The hills are alive with the sound of Porsche 911R and Honda NSX as we discover a little bit of paradise atop an Austrian alp
Of course we went over the Alps. Because if you have to drive a couple of sports cars from a factory in southern Germany to the Red Bull Ring in deepest Austria and fail to take in at least one Alpine pass, well, that’s a dereliction of duty. That two museums dedicated to one of those marques lie at either side of the Grossglockner Pass is nothing more than a happy coincidence.
Actually, when I say either side, what I actually mean is ‘Stuttgart” and “Gmund”. They’re 354 miles apart. I wouldn’t claim the Grossglockner is the quickest route between them, or the shortest, but having done it, I can categorically say it is the best. I measured the pleasure, so to speak. This is what we often forget to do, isn’t it? To spurn an hour here, sacrifice a gallon there, just to give ourselves better memories or a greater buzz. Or, because this is a magazine, a better story and pictures.
Ah yes, the story. Well this isn’t just an artful way of exploring the 911R’s retro-ism by following the timeline back from the modernist wonder that is the Stuttgart Museum to the marque’s birthplace in a wooden hut. Those geographical points simply give us neat places to start and finish before the track mayhem gets underway a few miles and pages further on.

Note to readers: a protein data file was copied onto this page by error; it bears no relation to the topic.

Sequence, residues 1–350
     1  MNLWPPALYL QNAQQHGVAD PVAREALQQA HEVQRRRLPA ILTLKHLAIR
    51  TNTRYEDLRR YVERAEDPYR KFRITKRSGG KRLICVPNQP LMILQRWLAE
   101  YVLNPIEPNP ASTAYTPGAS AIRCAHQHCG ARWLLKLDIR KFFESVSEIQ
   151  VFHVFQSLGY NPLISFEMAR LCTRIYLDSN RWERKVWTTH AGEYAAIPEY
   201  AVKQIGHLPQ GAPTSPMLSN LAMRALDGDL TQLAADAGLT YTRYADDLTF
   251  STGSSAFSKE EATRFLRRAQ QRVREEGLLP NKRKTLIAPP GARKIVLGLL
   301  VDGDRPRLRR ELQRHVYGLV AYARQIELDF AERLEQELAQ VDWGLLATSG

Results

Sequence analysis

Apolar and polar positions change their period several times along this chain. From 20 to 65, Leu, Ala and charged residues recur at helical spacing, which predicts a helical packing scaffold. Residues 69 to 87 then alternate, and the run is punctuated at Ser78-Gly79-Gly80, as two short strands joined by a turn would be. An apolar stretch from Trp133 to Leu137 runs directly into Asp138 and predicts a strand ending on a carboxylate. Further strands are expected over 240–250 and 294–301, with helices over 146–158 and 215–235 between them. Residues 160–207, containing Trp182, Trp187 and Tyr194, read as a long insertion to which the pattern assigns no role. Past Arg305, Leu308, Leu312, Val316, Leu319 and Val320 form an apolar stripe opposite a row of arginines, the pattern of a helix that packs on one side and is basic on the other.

No, first and foremost, my intention here, via the medium of the Porsche 911 R and Honda NSX, is to show how disparate the performance car has become in 2016, to demonstrate how broad the church is with just two cars involved, let alone the 16 extras Speed Week will eventually incorporate. Right now, they’re all homing in on the Red Bull Ring, some by delivery truck, but others demanded more. Which is why Stephen Dobie is currently 140 miles to my west on another alpine pass with a cracking quartet of hot hatches, while Jack’s eyes are probably on stalks as the F-Type SVR homes in on 200mph. I have the Grossglockner. Ergo, 1 win.
If you were to ignorantly jot down the raw facts of these two, you’d assume they were rivals – they’re similar money, have similar power and performance, carry similar amounts of people and luggage. But we know different. The NSX is a forward-looking supercar, it’s the brave new world of hybrid, an i8 with added oomph and fewer eco-tendencies – the electricity is here to improve driving, not economy. Plus it carries the badge that put the fear of God into Italy and Germany back in 1989. Which was a while back, admittedly.